In Support of the Victims
The Abuse/Domestic Violence Program at AAMC expanded this year to offer around-the-clock care for victims of abuse. AAMC is the first hospital in Maryland to provide 24/7 coverage by a Domestic Violence Program with paid staff. Only two other hospitals in the state even have domestic violence programs.
The staff of AAMC’s Abuse/ Domestic Violence Program use only their first names to protect the victims they help and to protect themselves from abusers who may stalk them. Co-director Nicole said, “We’re really excited to have recently hired our on-call team that expands our program to provide services around the clock for all departments. We are proud that AAMC is willing to support our efforts. We still rely on grant money in our program, but are very excited about the ability to offer 24/7 support.” Patricia Saunders, R.N., director of nursing for the Emergency Department, said, “Sexual assault, abuse and domestic violence don’t seem to keep a schedule and never take a holiday. Being able to respond to a victim’s needs 24/7 is critical if we are going to make a difference in someone’s life. As a team we are committed to that goal.”
The Abuse/Domestic Violence Program is housed in the Emergency Department, where the domestic violence team responds to calls from nurses and other hospital staff from all departments who suspect that a patient is a victim of abuse. The Domestic Violence staff works with victims in a number of ways, primarily by acting as support and advocate for them. “We can give the victims safety planning education,” said Nicole. “This is done with sensitivity to each victim’s situation, and is completely confidential,” she said.
With the additional staff, the program has expanded to assisting in child abuse, vulnerable abuse cases and sexual assault/rape cases. Since January, the number of
referrals to Abuse/Domestic Violence has more than doubled, from about 25 to 65 a month.
Nicole said while the support from the hospital goes a long way, the program still relies heavily on grants and donations. The program frequently needs gift certificates to grocery stores and clothing and toy stores, and also prepaid phone and gas cards. For more information or to donate items, please contact the AAMC Foundation at 443-481-4747.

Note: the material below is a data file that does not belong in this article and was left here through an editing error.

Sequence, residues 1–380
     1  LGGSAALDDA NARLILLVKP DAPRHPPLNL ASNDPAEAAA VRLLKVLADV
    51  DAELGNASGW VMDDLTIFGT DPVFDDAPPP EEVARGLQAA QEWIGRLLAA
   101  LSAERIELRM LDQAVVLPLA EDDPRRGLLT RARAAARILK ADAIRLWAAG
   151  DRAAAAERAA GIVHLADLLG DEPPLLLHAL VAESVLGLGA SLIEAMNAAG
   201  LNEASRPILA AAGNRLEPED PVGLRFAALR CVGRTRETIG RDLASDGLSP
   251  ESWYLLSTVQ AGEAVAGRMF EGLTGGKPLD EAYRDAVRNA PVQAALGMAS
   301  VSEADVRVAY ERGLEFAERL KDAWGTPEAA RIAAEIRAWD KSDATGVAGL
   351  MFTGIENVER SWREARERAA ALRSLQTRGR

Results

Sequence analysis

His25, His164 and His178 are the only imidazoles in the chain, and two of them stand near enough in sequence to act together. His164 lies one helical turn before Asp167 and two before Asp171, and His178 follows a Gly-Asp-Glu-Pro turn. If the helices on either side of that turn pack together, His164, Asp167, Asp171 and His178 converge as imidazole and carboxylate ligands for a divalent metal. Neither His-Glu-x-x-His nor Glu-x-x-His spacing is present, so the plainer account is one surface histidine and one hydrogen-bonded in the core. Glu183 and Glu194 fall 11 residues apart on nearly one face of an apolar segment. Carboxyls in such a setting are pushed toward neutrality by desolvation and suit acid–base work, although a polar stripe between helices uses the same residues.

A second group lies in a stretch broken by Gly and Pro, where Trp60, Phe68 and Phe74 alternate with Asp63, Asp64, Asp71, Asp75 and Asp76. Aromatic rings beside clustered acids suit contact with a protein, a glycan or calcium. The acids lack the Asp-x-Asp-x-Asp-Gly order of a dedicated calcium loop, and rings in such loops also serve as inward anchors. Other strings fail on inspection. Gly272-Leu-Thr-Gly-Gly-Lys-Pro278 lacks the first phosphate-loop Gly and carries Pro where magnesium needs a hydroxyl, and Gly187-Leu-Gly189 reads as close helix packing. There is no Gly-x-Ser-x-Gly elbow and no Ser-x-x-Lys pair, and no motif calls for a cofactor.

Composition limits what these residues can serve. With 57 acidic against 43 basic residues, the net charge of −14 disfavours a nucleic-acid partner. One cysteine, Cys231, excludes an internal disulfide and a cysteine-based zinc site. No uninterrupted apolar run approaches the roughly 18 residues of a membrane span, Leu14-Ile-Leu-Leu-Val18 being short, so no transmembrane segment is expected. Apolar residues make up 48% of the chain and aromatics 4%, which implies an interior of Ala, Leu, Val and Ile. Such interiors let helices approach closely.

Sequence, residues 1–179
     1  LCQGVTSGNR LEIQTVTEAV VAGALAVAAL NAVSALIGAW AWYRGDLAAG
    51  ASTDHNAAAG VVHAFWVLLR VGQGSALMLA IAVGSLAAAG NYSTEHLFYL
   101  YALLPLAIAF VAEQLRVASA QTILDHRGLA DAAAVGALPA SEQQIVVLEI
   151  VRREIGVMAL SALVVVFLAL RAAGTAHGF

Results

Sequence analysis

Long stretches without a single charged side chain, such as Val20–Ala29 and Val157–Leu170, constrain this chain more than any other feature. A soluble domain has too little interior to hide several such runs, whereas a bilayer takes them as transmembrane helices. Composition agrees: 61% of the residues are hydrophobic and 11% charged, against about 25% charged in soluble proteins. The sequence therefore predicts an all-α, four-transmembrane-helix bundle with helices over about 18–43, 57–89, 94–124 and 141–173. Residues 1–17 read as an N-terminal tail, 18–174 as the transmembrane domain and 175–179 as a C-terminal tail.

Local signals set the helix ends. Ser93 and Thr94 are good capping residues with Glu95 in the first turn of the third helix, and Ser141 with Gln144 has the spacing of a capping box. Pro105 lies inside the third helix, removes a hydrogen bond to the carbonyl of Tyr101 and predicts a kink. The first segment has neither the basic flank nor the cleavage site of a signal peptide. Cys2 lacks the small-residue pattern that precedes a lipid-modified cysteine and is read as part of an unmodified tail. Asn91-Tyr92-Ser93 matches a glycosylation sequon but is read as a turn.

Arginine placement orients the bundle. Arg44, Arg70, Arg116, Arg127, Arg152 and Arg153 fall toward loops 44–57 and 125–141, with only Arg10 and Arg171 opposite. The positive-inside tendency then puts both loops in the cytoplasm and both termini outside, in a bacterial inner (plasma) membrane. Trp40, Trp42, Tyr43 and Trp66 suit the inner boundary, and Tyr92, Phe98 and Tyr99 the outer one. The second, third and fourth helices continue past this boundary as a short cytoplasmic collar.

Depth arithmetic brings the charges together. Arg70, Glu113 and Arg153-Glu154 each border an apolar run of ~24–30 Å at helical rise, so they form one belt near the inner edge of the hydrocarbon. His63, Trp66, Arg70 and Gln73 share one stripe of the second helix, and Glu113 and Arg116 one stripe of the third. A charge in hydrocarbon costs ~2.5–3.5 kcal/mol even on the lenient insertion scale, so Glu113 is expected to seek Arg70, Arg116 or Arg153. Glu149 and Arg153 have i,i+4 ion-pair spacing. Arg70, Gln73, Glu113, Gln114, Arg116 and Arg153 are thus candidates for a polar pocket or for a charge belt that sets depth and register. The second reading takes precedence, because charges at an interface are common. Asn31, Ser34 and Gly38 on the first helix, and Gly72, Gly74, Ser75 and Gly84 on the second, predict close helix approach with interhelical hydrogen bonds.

Breaking Free from Domestic Abuse
Martha is in her early 50s, but feels more like a teenager. After 36 years of marriage to an abusive husband, with the help of the Abuse/Domestic Violence Program at AAMC, she has started a new life.
Now Martha wants to tell other victims of abuse her story so they will take control of their lives and not waste years. She said, “I was 18 and pregnant when I married.
I thought it was a fairy tale come true because my parents died when I was young and I was raised by my grandparents. The first time John smacked me it was because I hadn’t ironed his shirt right.”
Martha continued, “Everyone thought he was a nice guy. He paid the bills and gave me spending money. But he treated me so badly. Never broke any bones, just gave me bruises that I could hide and told me never to tell anybody. We had three boys, and John never hit me in front of them, but he’d abuse me verbally. Sometimes he’d just tell me to sit in a chair and not move, or throw a plate of spaghetti at me if he didn’t like it,” she said. “I was miserable. Nobody knew. I was too afraid to leave. And what’s more, I didn’t know how to leave, where to go or what to do.”
For more information about AAMC’s Abuse/Domestic Violence Program, call 443-481-1209.
It took a tragedy for Martha to realize she didn’t have to take the abuse. “My son died in a car accident 12 years ago. That was the turning point for me. I realized I survived the worst thing that could happen to me, so how bad could leaving John be? I left him the following year but didn’t stay gone long. He was so sad and told me he’d change,” she said.
“He tried to change, but he couldn’t do it. Before long, we were right back where we were before, except I was standing up to him more. But, boy, were there consequences,” she said.
A few years later, her husband was brought to the ED at AAMC where Martha first ran into members of the domestic violence team. On a subsequent visit for John, who was suffering from psychological problems, one of the medical team helping him had suspicions that he was abusing Martha. “And they asked me if he was hurting me. I thought, ?Here are strangers, and ? oh my God ? my family doesn’t suspect the abuse, but these people know.’ Well, that broke open the door. I was introduced to the counselors who have been my main support in breaking out. I’ve learned so much in
counseling. They listen. They gave me literature, and showed me that I didn’t have to live the way I was. There are programs to help me. They made me see that I could get
a job, that I could move out and be independent.”
Martha is on her own now. She has a job and spends happy hours with her grandchildren. She still sees the counselors and participates in group sessions for other victims of abuse.
She said, “I don’t understand these young girls. When I was their age, you didn’t call the police, you just took it. There was no place to turn. Now there are lots of ways to get help. I listen to them say, ?But he loves me. I must have done something bad for him to hit me.’ I just want to scream, ?No! You’ve not done anything wrong and you can get out.’ But I understand they have to have the strength to make the decision themselves. And that’s where the counselors come in. They listen. And they show the victims that there are programs to help. There’s education, transportation, free birth control, or people who will take care of your babies while you work. And most important, there are people like the counselors at AAMC who can help you find it all.”
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